“Spectres Are Haunting Europe” offers an uncompromising testimony of life in the Idomeni refugee camp and stirs up memories of Europe’s past refugee crises.
Two years ago, the world’s attention was caught by dramatic scenes of people fleeing war and persecution, crossing the Mediterranean in leaking wooden boats and rubber dinghies, walking along train tracks of the Balkans countries with their few belongings, risking their lives every day to find protection in Europe.
In March 2016, the shutdown of the so-called Western Balkans route to EU countries left thousands of people stuck in limbo and facing an uncertain future.
Despite a decline in international media attention, many migrants and asylum seekers are still waiting for official answers that will seal their fate, as a long-term solution has yet to arrive. Spectres Are Haunting Europe is a message to the world not to forget them, and not to forget our collective past.
Maria Kourkota and Niki Giannari’s debut feature documentary opens a window directly into the thick of the action in the makeshift refugee camp of Idomeni, Greece, where some 14,000 people found themselves trapped last year when the Greek-Macedonian border was suddenly closed.
This observational documentary is decidedly political, but even more so, it is poetic and humanistic. A series of static camera shots cause viewers to bear witness to the situation on the ground.
People walk silently under the near-constant rain along a muddy road, carrying their possessions or a younger child, sometimes pushing an older relative on a wheelchair.
In the camp, a voice blares out repeatedly from screeching loudspeakers, announcing the closure of the border between Greece and Macedonia. The announcement is repeated, intermittently, throughout the film.
Everywhere, between tents and containers on mud-soaked land, there are lines: of people queuing for food or medical aid, of young couples with their babies, of older men and women staring into the distance in disbelief. “Wherever I see a queue, I go and stand with others,” one refugee tells another.
Many children don’t seem to grasp the situation. Some look exhausted and cling to their parents. Others try to overcome boredom with rocks and sticks turned into toys; they run around and beam at the camera, offering the viewer a few rare moments of direct engagement.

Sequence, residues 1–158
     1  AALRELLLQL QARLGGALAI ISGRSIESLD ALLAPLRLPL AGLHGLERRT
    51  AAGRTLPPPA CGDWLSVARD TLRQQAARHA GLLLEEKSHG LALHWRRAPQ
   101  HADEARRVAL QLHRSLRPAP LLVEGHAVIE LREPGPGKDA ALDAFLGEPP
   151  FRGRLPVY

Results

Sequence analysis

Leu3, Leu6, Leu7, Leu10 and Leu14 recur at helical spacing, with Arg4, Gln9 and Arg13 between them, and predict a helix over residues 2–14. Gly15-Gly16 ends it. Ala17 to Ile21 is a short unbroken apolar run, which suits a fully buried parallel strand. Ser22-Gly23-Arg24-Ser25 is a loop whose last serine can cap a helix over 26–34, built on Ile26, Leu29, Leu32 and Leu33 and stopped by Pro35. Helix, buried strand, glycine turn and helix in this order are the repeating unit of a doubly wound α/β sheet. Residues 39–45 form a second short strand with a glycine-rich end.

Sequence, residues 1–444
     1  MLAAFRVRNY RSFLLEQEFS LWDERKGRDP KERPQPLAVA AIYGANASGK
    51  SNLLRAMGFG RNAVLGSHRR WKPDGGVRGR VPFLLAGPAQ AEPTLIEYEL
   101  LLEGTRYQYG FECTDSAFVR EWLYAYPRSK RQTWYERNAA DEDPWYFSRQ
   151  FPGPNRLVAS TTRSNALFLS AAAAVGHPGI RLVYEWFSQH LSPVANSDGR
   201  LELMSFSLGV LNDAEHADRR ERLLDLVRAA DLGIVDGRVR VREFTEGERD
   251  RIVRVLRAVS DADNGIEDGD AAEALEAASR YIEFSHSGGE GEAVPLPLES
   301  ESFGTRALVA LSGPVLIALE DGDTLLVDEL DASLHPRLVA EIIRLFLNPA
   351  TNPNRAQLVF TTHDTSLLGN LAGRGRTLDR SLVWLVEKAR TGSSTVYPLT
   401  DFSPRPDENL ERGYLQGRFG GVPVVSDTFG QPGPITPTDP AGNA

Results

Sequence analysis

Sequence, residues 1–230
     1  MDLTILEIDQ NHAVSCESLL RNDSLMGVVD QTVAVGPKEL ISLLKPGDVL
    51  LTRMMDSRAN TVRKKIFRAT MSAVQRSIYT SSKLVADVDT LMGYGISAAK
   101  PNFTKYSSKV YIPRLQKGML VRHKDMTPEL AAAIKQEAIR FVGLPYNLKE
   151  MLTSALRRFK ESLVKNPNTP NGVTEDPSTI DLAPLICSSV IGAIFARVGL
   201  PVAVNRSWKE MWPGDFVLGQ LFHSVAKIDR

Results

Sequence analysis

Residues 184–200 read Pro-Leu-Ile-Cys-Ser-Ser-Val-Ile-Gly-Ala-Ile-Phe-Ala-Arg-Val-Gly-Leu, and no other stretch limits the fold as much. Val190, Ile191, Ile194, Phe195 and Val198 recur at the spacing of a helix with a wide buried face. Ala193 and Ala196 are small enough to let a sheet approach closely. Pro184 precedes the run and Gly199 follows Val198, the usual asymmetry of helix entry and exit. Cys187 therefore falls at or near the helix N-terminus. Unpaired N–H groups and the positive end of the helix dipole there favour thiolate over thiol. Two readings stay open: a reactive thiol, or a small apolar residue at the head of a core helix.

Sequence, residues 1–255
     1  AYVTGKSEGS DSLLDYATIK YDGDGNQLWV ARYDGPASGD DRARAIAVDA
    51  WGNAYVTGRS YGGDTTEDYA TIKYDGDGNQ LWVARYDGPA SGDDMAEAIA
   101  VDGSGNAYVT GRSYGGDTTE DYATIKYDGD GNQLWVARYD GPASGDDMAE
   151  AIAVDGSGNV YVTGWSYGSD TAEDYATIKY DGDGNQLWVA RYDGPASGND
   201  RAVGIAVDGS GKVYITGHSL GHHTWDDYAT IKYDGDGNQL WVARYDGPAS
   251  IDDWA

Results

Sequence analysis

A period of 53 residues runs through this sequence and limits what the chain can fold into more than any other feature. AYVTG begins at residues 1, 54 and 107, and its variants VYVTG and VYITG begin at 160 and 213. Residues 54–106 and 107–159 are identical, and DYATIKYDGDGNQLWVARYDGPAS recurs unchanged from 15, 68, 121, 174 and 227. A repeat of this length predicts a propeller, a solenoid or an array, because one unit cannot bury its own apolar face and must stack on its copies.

Adults protest against the closed border by sitting on the railway tracks, determined to not let the train pass through. Inevitably, some of the adults talk politics. Some are bitter at the situation, blaming the Greek government for inhumane treatment, while others seem more inclined to gratitude and just want to continue their journey to other EU countries where they have family.
Hearing refugees and migrants voice their ideas and insight directly is definitely a remarkable moment in the film and a rarity that mainstream news outlets seldom bother sharing.
More shuffling of muddy feet in this and that direction interrupts the political altercations.
The documentary is not easy to sit through with its mostly silent narration. But perhaps this is necessary to better understand the uncertainty and hardship facing those in the camp. It leaves viewers to try and make sense of the situation by themselves – just like refugees and migrants have to.
The final part of the film is the most poignant and enlightening. The image turns black and white and suddenly it strikes familiar notes in our collective memory. The train tracks, the tents, the tired bodies bring to mind footage of Europe’s past refugee crises, whether the 1923 Greek/Turkish population exchange, the Second World War, or the breakup of Yugoslavia.
A female voice-over reads poetry, written by Giannari, about refugees as “persistent figures of some genealogy of our own.” It has an almost awakening effect.
Viewers are reminded that the Western Balkans route has been crossed by refugees and migrants for centuries.
Idomeni becomes just one example of something that has gone very wrong before. Yet, those most affected still believe in hope for a life in safety and dignity. Hope that is conveyed by the final images of the film, with people in the camp smiling timidly to the camera, women and men sitting patiently in their tents, children goofing around.
Spectres Are Haunting Europe suggests a particular kind of understanding of the current refugee and migrant crisis that reaches back to Europe’s memory to make their hope a reality.
“Spectres Are Haunting Europe” will screen on Saturday, August 5, 8:00 pm at the Kino N’Lum theatre, part of the Dokufest International Documentary and Short Film Festival in Prizren, Kosovo.
05 August 2017 - 09:44
From dancing by candlelight after the Kosovo War to practicing in a sm...
With the Kosovo government inadequately implementing the law on citize...
An investigation reveals that a discrepancy between the Kosovo Correct...
The financial burden of Ramush Haradinaj’s government weighs on the ...
A documentary about a housing complex in Prishtina’s Dardania neighb...
A look at customs in rural Kosovo, Lord of the House raises quintessen...
An essayistic take on the history of the railway, Newsreel 63 is an op...
A memento to a by-gone childhood in ‘90s Kosovo, “Recollection” ...